"The approval of LEMTRADA represents an important new treatment option for Canadians living with MS. In clinical trials, LEMTRADA demonstrated impressive effectiveness following two treatment courses for patients with active relapsing MS," said Dr. Anthony Traboulsee, Associate Professor of Neurology and Medical Director of the UBC Hospital MS Clinic of Vancouver Coastal Health. "Our own experience in treating 35 patients through clinical trials with LEMTRADA has been extremely positive."

LEMTRADA was approved by Health Canada in December 2013. The approval was based on data from the LEMTRADA clinical development program comparing treatment of LEMTRADA to high-dose subcutaneous interferon beta-1a (Rebif®) - which is dosed three times per week - in patients with RRMS who had active disease. In a controlled Phase 3 clinical study, LEMTRADA was more effective compared to Rebif at reducing both the annualized relapse rates (ARR) and the accumulation of disability was significantly slowed in patients given LEMTRADA vs. Rebif.2

In clinical trials, LEMTRADA demonstrated an ARR reduction of 49.4 per cent when compared with Rebif (p<0.0001), and the proportion of relapse-free patients was significantly (p<0.0001) higher in LEMTRADA patients than Rebif (65.4 per cent and 46.7 per cent, respectively). In addition, the risk of sustained accumulation of disability (SAD) over six months was reduced by 42 per cent in patients who received LEMTRADA versus Rebif (p=0.0084).2

"The approval and availability of LEMTRADA represents an important advancement for the MS community," said Dr. Karen Lee, Vice-President, Research, Multiple Sclerosis Society of Canada. "The more treatment options that are available, the more choices Canadians living with MS have to potentially improve their overall quality of life."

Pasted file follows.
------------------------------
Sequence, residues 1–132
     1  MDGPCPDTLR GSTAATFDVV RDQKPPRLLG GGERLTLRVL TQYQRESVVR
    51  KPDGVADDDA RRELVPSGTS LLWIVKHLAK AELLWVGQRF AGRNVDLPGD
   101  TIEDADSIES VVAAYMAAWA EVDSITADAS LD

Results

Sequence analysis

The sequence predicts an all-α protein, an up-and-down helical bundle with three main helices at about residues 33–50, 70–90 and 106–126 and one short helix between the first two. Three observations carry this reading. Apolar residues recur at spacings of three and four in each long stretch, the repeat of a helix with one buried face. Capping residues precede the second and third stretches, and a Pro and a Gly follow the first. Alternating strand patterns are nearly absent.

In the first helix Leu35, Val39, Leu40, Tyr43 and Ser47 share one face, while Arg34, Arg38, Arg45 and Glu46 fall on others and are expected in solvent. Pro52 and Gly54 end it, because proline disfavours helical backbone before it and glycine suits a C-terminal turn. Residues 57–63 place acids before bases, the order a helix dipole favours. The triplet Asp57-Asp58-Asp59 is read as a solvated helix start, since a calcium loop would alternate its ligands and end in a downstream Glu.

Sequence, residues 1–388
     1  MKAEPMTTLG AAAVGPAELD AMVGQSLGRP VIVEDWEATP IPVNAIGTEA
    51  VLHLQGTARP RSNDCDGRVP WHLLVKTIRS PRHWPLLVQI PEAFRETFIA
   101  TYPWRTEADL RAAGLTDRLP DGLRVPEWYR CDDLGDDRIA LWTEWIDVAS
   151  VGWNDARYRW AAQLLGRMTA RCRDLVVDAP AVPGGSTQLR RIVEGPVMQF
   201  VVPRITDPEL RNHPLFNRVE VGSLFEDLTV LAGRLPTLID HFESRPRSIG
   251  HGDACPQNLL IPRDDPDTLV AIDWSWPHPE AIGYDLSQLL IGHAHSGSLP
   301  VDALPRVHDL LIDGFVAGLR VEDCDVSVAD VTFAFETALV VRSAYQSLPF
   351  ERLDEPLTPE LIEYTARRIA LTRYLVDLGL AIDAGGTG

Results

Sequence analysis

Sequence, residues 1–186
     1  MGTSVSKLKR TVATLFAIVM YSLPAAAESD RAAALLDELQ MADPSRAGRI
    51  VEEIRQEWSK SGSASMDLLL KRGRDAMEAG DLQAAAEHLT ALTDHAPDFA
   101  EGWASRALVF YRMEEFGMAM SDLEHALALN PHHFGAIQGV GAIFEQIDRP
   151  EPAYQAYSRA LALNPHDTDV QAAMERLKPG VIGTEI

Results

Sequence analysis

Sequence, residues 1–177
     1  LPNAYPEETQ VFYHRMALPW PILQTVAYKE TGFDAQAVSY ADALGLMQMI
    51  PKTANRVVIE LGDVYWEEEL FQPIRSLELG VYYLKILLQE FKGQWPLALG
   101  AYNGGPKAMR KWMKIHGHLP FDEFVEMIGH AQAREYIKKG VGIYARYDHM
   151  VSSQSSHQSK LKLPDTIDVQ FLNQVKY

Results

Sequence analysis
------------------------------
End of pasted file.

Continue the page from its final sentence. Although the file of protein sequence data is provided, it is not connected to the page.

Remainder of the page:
In November 2013, Genzyme's AUBAGIO® (teriflunomide) 14 mg was approved by Health Canada as monotherapy for the treatment of patients with RRMS to reduce the frequency of clinical exacerbations and to delay the accumulation of physical disability. The approval was based on efficacy data from two Phase III clinical trials - TEMSO (TEriflunomide Multiple Sclerosis Oral) and TOWER (Teriflunomide Oral in people With relapsing remitting multiplE scleRosis). In the TEMSO trial, AUBAGIO 14 mg significantly reduced the annualized relapse rate (p=0.0005) and the time to disability progression (p=0.0279) at two years versus placebo in patients with RRMS. In the TOWER trial, AUBAGIO 14 mg significantly reduced the annualized relapse rate (p=0.0001) and the time to disability progression sustained for 12 weeks (p=0.0442) was statistically significantly reduced versus placebo in patients with RRMS.

"The Canadian approval and availability of LEMTRADA and AUBAGIO represent an important milestone for Genzyme and demonstrate our focus on scientific innovation and commitment to MS patients," said Peter Brenders, General Manager, Genzyme Canada. "We are proud of our commitment to long-term leadership and partnership with the MS community."

LEMTRADA is supported by a comprehensive and extensive clinical development program that involved 1,188 patients, resulting in 2,363 patient-years of safety follow-up.
A New Standard in Patient Support


Complete story found here: http://www.digitaljournal.com/pr/1762094#ixzz2upmX4zaY